Schoeck - Das Schloss Dürande (Heger live 1943, excerpts/Anders, Berglund, Fuchs, Domgraf-Fassbaender, Greindl, Hüsch)


R. Strauss - Salome (Krauss 1947 live/Rothmüller, Höngen)


Verdi - Luisa Miller (Elmendorff 1944, in German/Böhme, Hopf, Hann, Herrmann, Eipperle)


Verdi - La Traviata (Steinkopf 1943, in German/Rosvaenge, Schlusnus)

Iron Needle

Von Einem - Dantons Tod (Friczay live 1947/Schöffler, Patzak, Klein, Weber, Alsen, Hann)


Recital (Mozart, Verdi, Puccini, Leoncavallo, J. Strauss, Arditi, Rachmaninov, Beckmann, Mackeben, Tchaikovsky)

Preiser - LV

Recital - Maria Cebotari singt Arien (Mozart, J. Strauss, Gounod, Puccini and R. Strauss)

Preiser - LV

Maria Cebotari - Arien, Duette, Szenen (Mozart, Bizet, Verdi, Puccini)


Recital - Maria Cebotari singt Richard Strauss (Salome, Feuersnot, Der Rosenkavalier, Daphne, Taillefer)


Maria Cebotari: Arias, Songs and in Film


Recital - Maria Cebotari singt Giuseppe Verdi (La Traviata, Rigoletto)


Four Famous Sopranos of the Past (Gitta Alpar, Jarmila Novotna and Esther Rethy)

Preiser - LV

Bruno Walter Vol. 1, Symphony No 2 and No 4 (1948/50)


Helge Rosvaenge in Szenen aus André Chénier und Rigoletto - Duets


Helge Rosvaenge - Duets

Preiser - LV

Grosse Mozartsänger Vol. 1 1922 - 1942


Von der Königlichen Hofoper zur Staatsoper ‘Unter den Linden’

Preiser - LV

Mike Richter’s Opera Page: The Record of Singing Vol. 3



Maria Cebotari in the film “Mutterlied” with Beniamino Gigli (1938)


As Violetta (left) and as Mimì (right)


Maria Cebotari (Sophie) and Tiana Lemnitz (Octavian), Berlin State Opera, 1937


As we can learn from her repertory, Maria Cebotari was an extraordinarily versatile singer. She was often considered a “predecessor” to Maria Callas. Indeed, the two sopranos had a great deal in common. Both were true artists of great musicality and totally committed to their art. Both were utterly “reliable,” never missing an entry or a rehearsal. They would never come along half-knowing the music, and they could be entrusted with something new and it would be learnt quickly and intelligently. No wonder that the two Marias were loved by all great conductors. And last but not least, their lives were such as dreams and films are made of, ranging from passion, love, divorce, professional success and personal tragedies.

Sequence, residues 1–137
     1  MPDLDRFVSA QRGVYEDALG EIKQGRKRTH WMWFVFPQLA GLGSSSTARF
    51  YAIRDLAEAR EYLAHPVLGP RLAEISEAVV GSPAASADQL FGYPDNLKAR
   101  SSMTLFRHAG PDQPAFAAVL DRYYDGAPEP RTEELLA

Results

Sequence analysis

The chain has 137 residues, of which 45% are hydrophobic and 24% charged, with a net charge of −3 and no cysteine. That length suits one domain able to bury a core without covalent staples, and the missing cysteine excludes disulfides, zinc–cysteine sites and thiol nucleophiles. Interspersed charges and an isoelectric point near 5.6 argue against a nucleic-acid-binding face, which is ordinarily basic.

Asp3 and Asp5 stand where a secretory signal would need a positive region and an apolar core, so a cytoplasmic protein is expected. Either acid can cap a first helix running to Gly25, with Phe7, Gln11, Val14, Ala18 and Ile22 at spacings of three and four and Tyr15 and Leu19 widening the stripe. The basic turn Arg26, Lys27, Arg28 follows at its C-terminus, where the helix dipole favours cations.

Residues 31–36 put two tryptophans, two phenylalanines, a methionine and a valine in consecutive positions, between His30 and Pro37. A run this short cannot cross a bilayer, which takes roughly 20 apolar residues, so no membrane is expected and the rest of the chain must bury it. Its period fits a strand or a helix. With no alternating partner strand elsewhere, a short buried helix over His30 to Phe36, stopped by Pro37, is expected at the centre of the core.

With the underlying darkness of her soprano, a pronounced vibrato and brilliance at the top of her range - but above all with the intelligence, intensitiy and sheer energy, she did justice to every role. She was one of the very few singers who succeeded in lyrical, dramatic and coloratura parts. The juxtaposition of roles of very different kinds was one of Cebotari’s hallmarks from the very outset. In Berlin, she managed to sing the title role in Carmen (!) and Susanna in Le Nozze di Figaro on two consecutive evenings, likewise in Vienna Mimì and Salome! Four composers were essential for her short career: Mozart, R. Strauss, Verdi and Puccini.

When listening to Cebotari’s recordings, one cannot but wonder about the unexpected artistic and musical quality of the recordings. In 1943/44, when many of her recordings were made, it was a matter much admired that the Berlin authorities were able to achieve such a standard of performance in the middle of a war in which thousands were dying every day. Our feelings today are understandibly mixed. I think, we should be aware of the combination of art and barbarism which was so characteristic in the Third Reich. Maria Cebotari was undoubtedly one of its exponents.

As Salome


As Carmen

Do not miss listening to her superb Salome (final scene), a record as outstanding as that of Ljuba Welitsch. If you have the opportunity to watch her in a film (the best is probably Premiere der Butterfly), you will get an idea of her art, her charming appearance, her beauty, and you will understand why she was so popular.

Her fiery Saffi belongs to the best operetta recordings ever made.

 So elend und so treu (Saffi in Der Zigeunerbaron / J. Strauss / HMV 1943)